This is the view from my living room window in Rome. From what I can tell, it seems to be the remains of a 17th century church with sculptures on the facade of a couple of mischievous putti (“A representation of a small child, often naked and having wings, used especially in the art of the European Renaissance,” American Heritage Dictionary) pulling back curtains. Today, the building is used as a restaurant and most diners probably don’t bother to look up to see the putti or the Latin inscription announcing this is the church of Santa-Maria-in-something-or-other built in 1675.
This is what I love about Rome; it’s a city in which the ancient, relatively old, and somewhat modern have, over time, co-mingled. Everywhere in the city you run into buildings that are from the 15th, 16th or later centuries that have a supporting arch or wall from the ancient or medieval period.
I am living in the neighborhood in Rome called Trastevere, south of the Vatican. People have been living in this area of Rome since the Roman Empire and the neighborhood is a mix of narrow, winding medieval streets, and 16th and 17th century grand palazzos. Around the corner from my apartment is the Church of Santa Maria in Trastevere, a 12th century church with mosaics dating to that time on the façade.
There is a picturesque piazza in front of the church which during the day is busy with the comings and goings of Romans and tourists but at night it has become the gathering place of American college students celebrating the fact that there is no drinking age in Italy by hanging around and imbibing liberally of the local vino and birra and making lots of noise. (To be fair, there are also a fair amount of Italian college students hanging out around there as well). It has gotten so out of control that many Italians who lived in neighborhood have had to move because they couldn’t sleep. Others who remained organized a protest and hung white sheets out their windows calling on the mayor to do something to solve this problem. More on this here:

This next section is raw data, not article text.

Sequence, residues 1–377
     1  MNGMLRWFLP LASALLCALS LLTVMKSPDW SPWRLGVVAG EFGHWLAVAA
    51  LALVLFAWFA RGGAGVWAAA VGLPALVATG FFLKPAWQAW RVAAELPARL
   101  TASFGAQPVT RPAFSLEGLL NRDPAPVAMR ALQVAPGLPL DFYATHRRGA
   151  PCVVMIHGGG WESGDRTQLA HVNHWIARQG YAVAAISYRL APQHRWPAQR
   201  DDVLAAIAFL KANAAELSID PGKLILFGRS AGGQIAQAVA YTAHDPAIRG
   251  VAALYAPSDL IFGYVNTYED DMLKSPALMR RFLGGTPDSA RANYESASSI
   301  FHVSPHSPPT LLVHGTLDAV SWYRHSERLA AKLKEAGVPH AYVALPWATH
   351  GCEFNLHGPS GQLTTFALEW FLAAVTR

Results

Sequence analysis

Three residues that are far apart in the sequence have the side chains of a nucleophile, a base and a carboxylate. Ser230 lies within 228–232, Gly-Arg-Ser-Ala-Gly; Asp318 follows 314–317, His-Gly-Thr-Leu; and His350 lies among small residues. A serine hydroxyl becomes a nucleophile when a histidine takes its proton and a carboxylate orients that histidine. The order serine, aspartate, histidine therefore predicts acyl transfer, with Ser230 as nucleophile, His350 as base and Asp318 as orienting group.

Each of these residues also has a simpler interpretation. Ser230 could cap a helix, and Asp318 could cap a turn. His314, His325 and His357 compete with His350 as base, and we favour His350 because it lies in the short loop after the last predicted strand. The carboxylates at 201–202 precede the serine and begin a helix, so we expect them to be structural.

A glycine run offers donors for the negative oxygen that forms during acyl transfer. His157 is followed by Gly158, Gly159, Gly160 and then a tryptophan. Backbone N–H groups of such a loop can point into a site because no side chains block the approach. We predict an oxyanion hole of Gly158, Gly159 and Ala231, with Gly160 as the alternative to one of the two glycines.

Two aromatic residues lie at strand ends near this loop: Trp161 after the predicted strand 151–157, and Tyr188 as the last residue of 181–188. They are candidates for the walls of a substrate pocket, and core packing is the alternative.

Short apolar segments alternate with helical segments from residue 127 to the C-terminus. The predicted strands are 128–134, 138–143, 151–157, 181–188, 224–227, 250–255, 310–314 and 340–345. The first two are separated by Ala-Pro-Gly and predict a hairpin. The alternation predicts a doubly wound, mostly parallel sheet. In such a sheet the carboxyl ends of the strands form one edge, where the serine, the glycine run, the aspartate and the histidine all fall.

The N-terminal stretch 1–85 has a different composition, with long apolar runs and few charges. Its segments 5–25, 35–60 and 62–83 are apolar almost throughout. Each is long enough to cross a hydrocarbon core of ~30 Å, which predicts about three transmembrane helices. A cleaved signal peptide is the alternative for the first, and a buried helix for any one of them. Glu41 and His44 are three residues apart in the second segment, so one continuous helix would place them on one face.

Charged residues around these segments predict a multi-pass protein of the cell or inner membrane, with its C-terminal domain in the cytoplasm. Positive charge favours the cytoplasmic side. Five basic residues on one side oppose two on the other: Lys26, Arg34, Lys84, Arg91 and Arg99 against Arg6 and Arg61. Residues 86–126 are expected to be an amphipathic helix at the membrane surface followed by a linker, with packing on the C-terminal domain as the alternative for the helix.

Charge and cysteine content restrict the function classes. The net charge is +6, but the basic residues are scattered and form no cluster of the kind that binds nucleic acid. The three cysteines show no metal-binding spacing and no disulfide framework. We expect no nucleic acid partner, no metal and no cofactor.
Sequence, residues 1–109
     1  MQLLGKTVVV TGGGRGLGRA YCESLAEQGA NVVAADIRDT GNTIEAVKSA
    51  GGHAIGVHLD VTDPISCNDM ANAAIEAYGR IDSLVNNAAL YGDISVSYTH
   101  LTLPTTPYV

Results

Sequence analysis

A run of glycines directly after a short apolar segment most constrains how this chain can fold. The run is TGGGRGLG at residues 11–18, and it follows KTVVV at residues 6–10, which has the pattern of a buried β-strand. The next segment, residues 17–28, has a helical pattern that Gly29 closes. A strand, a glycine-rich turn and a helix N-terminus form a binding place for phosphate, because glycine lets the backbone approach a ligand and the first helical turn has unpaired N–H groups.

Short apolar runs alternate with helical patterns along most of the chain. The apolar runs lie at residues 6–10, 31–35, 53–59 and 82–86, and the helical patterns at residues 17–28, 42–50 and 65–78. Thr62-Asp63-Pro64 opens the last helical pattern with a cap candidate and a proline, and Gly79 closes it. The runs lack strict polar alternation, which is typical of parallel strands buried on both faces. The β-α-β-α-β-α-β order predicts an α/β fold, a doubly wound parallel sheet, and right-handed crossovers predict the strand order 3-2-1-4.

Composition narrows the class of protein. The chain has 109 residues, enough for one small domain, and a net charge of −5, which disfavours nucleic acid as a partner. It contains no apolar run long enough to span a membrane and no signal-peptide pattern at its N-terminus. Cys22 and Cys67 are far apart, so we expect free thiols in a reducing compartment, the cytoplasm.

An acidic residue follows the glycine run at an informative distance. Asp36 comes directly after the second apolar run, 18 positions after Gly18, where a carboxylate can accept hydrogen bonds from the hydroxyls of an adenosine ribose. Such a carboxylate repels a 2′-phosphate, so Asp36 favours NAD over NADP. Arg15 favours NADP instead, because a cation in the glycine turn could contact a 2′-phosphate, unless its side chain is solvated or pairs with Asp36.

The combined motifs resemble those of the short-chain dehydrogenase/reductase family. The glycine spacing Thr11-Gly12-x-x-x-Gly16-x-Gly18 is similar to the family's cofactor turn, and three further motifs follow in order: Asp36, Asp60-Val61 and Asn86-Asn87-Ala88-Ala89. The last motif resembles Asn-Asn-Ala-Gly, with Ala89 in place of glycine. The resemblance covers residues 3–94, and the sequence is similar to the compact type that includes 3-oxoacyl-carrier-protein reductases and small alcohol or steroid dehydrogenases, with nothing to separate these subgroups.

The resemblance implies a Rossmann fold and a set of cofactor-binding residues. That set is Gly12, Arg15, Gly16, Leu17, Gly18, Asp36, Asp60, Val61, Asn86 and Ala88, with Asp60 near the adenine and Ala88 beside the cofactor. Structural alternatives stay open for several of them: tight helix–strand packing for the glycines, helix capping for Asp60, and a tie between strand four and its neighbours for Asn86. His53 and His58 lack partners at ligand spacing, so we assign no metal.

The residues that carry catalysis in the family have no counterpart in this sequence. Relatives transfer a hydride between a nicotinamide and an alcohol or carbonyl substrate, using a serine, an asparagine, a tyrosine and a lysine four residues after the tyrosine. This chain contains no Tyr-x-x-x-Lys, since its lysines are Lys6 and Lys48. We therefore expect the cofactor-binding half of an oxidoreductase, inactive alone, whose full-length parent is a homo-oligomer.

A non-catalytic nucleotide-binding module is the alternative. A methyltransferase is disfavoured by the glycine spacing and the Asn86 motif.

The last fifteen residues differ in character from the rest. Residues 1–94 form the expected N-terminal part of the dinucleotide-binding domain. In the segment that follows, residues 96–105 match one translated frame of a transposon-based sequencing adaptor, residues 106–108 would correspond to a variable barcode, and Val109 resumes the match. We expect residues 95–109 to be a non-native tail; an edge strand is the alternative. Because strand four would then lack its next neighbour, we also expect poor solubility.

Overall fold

According to my friends who live here, the mayor responded by sending out the police in full-force which didn’t make the residents happy either because they then posted signs proclaiming that they didn’t want to live in a fascist state. Ahh, Italy.
As many of you know, I am here in Rome for four months to do research for my dissertation.
While I am here, I decided to keep a blog to keep in touch with people, share some of my photos and observations on Rome; and of course it could also serve as a great way to procrastinate from my work. Please feel free to comment on my entries or offer tips on how to take better photos or whatever.